By M. Schwartz

Through an exam of performs, actors, experiences, and viewers reaction of the interval, this examine lines the advance of Broadway as a resource of 'mature' American drama, and the simultaneous improvement of Professional-Managerial classification awareness and habitus.

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Race was at once biological and cultural, inherited and acquired. Race identified, depending on context, both a category and a consciousness” (Roediger 35). Thus, each “outsider” group, occupying what Roediger calls an “in-between” position between races, had to consciously embrace the concept of “Whiteness” in order to be considered white (20–21). In many cases, this embrace entailed approving The Growth of Broadway, Emergence of PMC 31 of and participating in discrimination against blacks. As Noel Ignatiev writes in How the Irish Became White, “They [the Irish] came to a society in which color was important in determining social position.

These changes simultaneously reflected, and were effected by, the PMC. ”26 Pianos were still an advertising presence, but not as dominant as before—one or two moderate ads now surfaced in the programs, as opposed to the several large ones (including full-page back cover ads) that typically appeared in the 1990s and early twentieth century. Roughly speaking, in terms of size and quantity of ads, it is fair to say that ads for cars, tires, and automotive supplies were taking the place of the piano ads.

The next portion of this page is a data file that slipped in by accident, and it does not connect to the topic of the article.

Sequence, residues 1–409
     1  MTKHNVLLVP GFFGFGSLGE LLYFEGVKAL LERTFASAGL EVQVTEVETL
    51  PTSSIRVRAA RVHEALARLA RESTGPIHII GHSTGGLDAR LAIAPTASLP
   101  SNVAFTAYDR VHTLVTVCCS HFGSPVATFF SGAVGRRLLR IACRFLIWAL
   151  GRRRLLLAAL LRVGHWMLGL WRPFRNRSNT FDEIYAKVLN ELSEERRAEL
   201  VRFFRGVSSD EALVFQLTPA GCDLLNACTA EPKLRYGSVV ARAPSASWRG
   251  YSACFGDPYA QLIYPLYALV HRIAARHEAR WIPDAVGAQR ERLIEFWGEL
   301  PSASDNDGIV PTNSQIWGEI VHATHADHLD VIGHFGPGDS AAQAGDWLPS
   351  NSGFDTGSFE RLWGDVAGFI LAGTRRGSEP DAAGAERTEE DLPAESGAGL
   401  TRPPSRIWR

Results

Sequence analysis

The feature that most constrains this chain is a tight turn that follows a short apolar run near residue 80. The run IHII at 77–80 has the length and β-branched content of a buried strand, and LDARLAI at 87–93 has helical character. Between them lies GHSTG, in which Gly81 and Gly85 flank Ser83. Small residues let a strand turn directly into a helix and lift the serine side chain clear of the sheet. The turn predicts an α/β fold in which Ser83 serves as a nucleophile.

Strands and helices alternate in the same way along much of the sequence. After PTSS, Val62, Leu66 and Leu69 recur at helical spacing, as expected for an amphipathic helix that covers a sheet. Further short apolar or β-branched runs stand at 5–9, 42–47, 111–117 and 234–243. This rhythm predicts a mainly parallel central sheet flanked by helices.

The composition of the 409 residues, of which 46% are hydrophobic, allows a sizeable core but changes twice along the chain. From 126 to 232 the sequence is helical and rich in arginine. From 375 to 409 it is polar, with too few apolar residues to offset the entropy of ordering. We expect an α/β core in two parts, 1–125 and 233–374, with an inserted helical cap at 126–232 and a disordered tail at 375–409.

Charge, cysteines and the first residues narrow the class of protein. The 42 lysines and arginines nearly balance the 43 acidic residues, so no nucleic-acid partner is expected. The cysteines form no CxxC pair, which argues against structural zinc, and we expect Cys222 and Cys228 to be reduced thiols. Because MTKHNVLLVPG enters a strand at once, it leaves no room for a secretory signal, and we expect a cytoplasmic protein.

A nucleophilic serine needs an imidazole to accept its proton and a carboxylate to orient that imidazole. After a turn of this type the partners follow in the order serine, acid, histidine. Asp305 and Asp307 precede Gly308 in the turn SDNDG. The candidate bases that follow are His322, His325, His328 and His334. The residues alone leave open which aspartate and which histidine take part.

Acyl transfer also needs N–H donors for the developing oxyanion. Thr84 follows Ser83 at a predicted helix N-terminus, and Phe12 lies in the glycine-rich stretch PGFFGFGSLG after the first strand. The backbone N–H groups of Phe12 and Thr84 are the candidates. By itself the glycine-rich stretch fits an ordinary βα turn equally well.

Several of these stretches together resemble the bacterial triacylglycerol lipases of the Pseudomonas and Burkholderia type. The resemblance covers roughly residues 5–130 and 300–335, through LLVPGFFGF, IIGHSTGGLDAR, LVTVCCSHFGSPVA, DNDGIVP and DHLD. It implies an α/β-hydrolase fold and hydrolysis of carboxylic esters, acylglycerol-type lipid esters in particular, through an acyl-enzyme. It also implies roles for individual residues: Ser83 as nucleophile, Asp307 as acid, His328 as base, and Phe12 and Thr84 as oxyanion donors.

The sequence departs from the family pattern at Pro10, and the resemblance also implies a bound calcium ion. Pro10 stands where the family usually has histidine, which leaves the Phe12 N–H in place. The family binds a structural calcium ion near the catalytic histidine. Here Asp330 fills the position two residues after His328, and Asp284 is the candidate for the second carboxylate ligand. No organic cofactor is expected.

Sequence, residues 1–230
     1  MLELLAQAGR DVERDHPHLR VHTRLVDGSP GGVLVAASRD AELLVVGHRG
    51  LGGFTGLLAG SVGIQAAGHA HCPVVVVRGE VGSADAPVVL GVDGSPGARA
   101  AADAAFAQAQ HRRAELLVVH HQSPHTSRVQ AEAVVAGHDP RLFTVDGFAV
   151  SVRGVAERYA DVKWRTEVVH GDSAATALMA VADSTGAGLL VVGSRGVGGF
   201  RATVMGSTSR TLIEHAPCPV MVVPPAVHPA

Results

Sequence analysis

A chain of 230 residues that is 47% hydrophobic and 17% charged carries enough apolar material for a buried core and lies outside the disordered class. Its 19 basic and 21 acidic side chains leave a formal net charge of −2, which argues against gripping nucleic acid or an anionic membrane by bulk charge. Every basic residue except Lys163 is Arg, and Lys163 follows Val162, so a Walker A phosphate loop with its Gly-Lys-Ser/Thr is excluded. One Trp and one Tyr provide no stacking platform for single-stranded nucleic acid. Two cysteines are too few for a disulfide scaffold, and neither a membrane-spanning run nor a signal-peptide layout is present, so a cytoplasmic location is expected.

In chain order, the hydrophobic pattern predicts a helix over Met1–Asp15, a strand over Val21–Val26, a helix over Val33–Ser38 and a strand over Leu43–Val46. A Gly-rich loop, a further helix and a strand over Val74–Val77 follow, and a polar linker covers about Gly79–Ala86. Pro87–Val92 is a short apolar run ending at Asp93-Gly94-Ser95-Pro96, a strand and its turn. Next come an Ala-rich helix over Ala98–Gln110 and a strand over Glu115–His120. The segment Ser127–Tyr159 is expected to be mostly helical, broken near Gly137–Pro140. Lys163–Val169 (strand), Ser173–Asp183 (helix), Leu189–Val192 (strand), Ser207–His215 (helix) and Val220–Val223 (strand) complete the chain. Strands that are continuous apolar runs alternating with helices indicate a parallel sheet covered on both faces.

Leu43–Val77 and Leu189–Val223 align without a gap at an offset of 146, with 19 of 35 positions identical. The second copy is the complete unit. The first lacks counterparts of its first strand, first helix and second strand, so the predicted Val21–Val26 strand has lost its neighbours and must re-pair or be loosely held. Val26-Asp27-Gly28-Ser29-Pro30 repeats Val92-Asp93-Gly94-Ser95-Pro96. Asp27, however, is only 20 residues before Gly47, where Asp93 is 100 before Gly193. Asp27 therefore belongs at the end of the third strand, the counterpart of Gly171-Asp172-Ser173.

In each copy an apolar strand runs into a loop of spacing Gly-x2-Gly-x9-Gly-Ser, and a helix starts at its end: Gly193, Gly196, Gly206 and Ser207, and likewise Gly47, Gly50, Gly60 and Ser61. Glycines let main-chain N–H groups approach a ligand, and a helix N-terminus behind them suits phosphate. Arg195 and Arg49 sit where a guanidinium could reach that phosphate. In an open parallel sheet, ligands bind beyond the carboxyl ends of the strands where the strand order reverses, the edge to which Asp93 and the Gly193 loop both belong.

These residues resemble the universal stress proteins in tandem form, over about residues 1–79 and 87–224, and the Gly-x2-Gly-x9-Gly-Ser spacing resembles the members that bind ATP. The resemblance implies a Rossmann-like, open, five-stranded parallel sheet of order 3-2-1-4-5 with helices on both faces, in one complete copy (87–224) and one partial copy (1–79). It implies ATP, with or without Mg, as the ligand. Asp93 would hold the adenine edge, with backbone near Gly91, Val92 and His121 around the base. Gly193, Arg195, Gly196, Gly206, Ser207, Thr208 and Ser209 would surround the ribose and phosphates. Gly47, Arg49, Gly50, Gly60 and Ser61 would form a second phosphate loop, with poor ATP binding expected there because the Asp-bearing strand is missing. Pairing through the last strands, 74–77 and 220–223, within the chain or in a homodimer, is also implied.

They deny (and offer the works of Augustus Thomas in proof) that life as O’Neill pictures it is just that way. And when, as in the case of “Anna Christie,” he does not see life “that way,” but sees it with a touch of rainbow athwart its skies, they recall his past work and snicker self-satisfiedly [sic] that he has arbitrarily stuck a theatrical happy ending on to his play. (79–80) In denouncing criticism that attempted to “straddle” both sides of the issue regarding O’Neill, or any issue, Nathan made clear his personal critical credo: “Criticism may straddle nothing.

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